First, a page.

15. The method of claim 14, wherein said thermally treating step is performed in an inert atmosphere containing steam, carbon dioxide and oxygen or a combination thereof.
16. The method of claim 13, wherein said partially oxidizing step further includes a step of chemically treating the ordered mesoporous carbon to form the activated carbon.
17. The method of claim 16, wherein said chemically treating step is performed by using an oxidizing agent including hydrogen peroxide, a peroxide-bearing compound, an oxidizing halogenic compound, a mineral acid, nitric acid, phosophoric acid and/or an alkali solution.
18. The method of claim 6, wherein said surfactant is a non-ionic surfactant including a PEOy-PPOx-PEOy tri block copolymer.
19. The method of claim 6, wherein said carbon precursor is a water-soluble carbon precursor including a phenolic resin, a thermosetting carbohydrate, a polyvinylalcohol, a resorcinol-formaldehyde peptide amphiphile or a lipid.
20. The method of claim 6, wherein said oil is butanol, pentanol, hexanol, p-xylene, mesitylene, hexadecane, butyl acetate or octane.
21. A method for formulating a composition which is used to manufacture an ordered mesoporous carbon, said method comprising the steps of:
selecting a surfactant/water/oil equilibrium phase diagram;
replacing a water phase label in the surfactant/water/oil equilibrium phase diagram with a carbon precursor and water phase label; and
using the surfactant/carbon precursor and water solution/oil equilibrium phase diagram as a guide to estimate how much surfactant, carbon precursor/water solution and oil should be used to make the ordered mesoporous carbon.
22. The method of claim 21, further comprising the step of using said surfactant/carbon precursor and water solution/oil equilibrium phase diagram as a guide to select a desired phase orientation of the resulting ordered mesoporous carbon.
23. The method of claim 21, wherein said desired phase orientation is 3-D cubic, 3-D hexagonal, 2-D hexagonal or lamellar.
24. The method of claim 21, wherein said surfactant is a non-ionic surfactant including a PEOy-PPOx-PEOy tri block copolymer.
25. The method of claim 21, wherein said carbon precursor is a water-soluble carbon precursor including a phenolic resin, a thermosetting carbohydrate, a polyvinylalcohol, a resorcinol-formaldehyde peptide amphiphile or a lipid.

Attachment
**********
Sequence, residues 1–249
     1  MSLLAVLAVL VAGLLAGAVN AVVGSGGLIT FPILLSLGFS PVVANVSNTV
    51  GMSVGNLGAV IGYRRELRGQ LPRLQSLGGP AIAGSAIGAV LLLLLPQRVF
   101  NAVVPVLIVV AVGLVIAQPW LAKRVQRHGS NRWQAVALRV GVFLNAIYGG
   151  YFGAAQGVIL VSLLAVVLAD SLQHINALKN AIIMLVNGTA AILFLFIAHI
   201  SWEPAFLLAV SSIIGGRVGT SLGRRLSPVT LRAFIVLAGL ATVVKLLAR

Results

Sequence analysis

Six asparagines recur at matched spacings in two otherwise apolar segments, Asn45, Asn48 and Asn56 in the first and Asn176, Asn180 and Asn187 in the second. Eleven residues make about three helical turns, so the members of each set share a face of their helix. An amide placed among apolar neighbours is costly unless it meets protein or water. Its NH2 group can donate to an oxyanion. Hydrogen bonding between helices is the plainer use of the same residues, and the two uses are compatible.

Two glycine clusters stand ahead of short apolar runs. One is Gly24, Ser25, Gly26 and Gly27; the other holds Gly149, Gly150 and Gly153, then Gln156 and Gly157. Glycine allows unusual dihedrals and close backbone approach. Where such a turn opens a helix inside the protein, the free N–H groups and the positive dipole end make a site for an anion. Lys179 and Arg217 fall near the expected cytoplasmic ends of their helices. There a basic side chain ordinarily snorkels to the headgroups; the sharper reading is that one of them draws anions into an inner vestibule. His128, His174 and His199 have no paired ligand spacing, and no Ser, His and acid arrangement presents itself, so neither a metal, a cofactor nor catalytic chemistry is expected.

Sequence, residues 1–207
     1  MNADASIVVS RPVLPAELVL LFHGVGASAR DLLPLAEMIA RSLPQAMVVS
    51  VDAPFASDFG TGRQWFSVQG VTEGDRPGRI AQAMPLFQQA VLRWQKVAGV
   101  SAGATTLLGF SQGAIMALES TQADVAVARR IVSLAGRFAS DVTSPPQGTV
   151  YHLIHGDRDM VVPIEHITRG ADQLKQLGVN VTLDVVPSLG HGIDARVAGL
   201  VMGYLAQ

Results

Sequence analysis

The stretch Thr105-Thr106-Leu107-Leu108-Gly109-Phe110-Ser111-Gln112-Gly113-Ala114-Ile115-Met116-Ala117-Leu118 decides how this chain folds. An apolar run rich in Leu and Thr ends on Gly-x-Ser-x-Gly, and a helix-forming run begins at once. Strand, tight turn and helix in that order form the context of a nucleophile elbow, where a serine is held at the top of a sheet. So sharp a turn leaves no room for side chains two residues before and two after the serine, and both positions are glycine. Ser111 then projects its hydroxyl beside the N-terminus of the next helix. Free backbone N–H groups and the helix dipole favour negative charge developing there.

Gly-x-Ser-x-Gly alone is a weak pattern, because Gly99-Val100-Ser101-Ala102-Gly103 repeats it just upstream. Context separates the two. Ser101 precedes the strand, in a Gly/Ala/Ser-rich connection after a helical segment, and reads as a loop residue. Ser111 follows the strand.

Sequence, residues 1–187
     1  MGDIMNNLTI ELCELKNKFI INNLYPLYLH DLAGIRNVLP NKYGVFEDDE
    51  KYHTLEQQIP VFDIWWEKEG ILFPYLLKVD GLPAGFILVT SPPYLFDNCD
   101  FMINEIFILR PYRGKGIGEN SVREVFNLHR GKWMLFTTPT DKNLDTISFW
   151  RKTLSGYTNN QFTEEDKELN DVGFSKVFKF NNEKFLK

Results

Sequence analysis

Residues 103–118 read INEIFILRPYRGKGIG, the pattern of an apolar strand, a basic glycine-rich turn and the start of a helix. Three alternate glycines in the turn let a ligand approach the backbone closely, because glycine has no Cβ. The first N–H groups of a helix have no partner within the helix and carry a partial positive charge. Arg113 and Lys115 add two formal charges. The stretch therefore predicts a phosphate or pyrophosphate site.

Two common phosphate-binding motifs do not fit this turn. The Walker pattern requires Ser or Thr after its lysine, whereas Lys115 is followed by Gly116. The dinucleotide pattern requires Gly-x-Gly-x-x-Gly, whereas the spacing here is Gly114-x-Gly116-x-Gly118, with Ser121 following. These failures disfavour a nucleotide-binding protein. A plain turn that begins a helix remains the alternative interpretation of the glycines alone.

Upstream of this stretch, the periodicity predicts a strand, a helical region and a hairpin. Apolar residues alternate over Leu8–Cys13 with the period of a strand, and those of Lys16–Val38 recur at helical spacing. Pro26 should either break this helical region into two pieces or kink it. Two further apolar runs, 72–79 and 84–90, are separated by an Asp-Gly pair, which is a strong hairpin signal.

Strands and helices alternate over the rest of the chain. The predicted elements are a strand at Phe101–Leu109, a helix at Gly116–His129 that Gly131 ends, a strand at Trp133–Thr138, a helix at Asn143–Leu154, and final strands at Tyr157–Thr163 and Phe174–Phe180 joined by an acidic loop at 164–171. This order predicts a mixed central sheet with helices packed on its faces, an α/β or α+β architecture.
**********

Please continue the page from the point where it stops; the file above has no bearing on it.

26. The method of claim 21, wherein said water contains a desired amount of an acid.
27. The method of claim 21, wherein said oil is butanol, pentanol, hexanol, p-xylene, mesitylene, hexadecane, butyl acetate or octane.
28. An activated carbon comprising a partially oxidized surface and partially oxidized internal edges within channels that open-up on the surface of a synthetic ordered mesoporous carbon.
29. The activated carbon of claim 28, wherein said surface and said internal edges within the channels that open-up on the surface of said synthetic ordered mesoporous carbon were partially oxidized by thermally treating said synthetic ordered mesoporous carbon.
30. The activated carbon of claim 29, wherein said thermal treating is performed in an inert atmosphere containing steam, carbon dioxide and oxygen or a combination thereof.
31. The activated carbon of claim 28, wherein said surface and said internal edges within the channels that open-up on the surface of said synthetic ordered mesoporous carbon were partially oxidized by chemically treating said synthetic ordered mesoporous carbon.
32. The activated carbon of claim 31, wherein said chemical treating is performed by using an oxidizing agent including hydrogen peroxide, a peroxide-bearing compound, an oxidizing halogenic compound, a mineral acid, nitric acid, phosophoric acid and/or an alkali solution.
33. The activated carbon of claim 28, wherein said synthetic ordered mesoporous carbon was produced by performing the following steps:
mixing a solution which contains a solvent and a desired amount of a non-ionic surfactant, a water-soluble carbon precursor/H2O solution, and a water immiscible oil;
drying the solution;
cross-linking the solution to immobilize the water and form a pre-carbonized mesostructure phase; and
carbonizing the pre-carbonized mesostructure phase to remove a self-assembled surfactant template therein so as to synthesize the ordered mesoporous carbon.
34. The activated carbon of claim 33, wherein said non-ionic surfactant is a PEOy-PPOx-PEOy tri block copolymer.